Homogeneous classes increase students’ self-esteem and promote a positive environment for group work. Students in heterogeneous classes compare themselves to other students in the class who may be faster or slower learners (Loveless,1999a). Students that may be fast learners might get an increase in self-esteem, but students who are slower learners may feel inferior resulting in lower self-esteem. Students in homogeneous classes compare themselves to other students who are at a similar level and ability (Loveless, 1999b). This can help eliminate student fear that they might sound dumb if they ask a question or give an incorrect answer. Thus, homogeneous classes encourage student success and higher self-esteem (Loveless, 1999b).In addition, students are able to collaborate more effectively because they are of similar learning abilities. This allows students to have healthy rivalries that encourage each other to come up with the best ideas, unlike heterogeneous grouping which can result in one or two group members contributing most of the ideas and work, while others may contribute little or nothing to the group (Ornstein, Levine & Gutek, 2011, pg 356).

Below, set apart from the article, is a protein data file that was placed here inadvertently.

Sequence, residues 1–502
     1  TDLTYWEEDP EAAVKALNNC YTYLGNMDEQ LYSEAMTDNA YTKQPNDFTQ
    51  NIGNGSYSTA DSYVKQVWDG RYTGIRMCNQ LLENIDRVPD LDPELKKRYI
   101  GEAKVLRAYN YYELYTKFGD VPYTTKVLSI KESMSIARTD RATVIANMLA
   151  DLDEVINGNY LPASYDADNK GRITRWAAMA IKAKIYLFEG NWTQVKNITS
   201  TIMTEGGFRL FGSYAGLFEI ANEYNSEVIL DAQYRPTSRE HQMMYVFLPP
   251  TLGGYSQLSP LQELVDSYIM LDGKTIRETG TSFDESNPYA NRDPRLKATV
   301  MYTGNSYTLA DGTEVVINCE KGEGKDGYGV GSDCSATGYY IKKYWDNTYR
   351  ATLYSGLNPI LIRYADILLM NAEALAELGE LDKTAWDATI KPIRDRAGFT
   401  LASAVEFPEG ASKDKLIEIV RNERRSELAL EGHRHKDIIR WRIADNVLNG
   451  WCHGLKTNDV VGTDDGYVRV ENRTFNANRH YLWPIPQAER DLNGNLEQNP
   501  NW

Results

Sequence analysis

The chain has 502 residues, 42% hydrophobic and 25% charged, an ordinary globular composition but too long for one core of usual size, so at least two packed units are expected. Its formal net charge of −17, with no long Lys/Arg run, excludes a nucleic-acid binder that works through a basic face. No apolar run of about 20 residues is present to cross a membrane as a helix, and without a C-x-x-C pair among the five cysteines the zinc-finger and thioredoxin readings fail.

Homogeneous grouping also makes it easier and more efficient for teachers to teach their classes (George, 1988). Teachers only have to create lesson plans for students that are at similar learning levels. In heterogeneous classes, teachers must try to create lessons that all types of learners can grasp. This situation can be stressful for teachers because typically one or more types of learners may be slighted and this may reflect back on the teacher’s ability to teach. Homogeneous grouping eliminates a lot of stress for teachers because they only have to tailor their lessons to one group of students who may be the slow, average, or the advanced learners. It gives teachers the ability to meet a particular group of students’ instructional needs more accurately (George, 1988).It also allows teachers to teach classes and work with the students that they like teaching and are more apt to teach, which can also help alleviate teacher stress (Ornstein, Levine & Gutek, 2011, pg 356).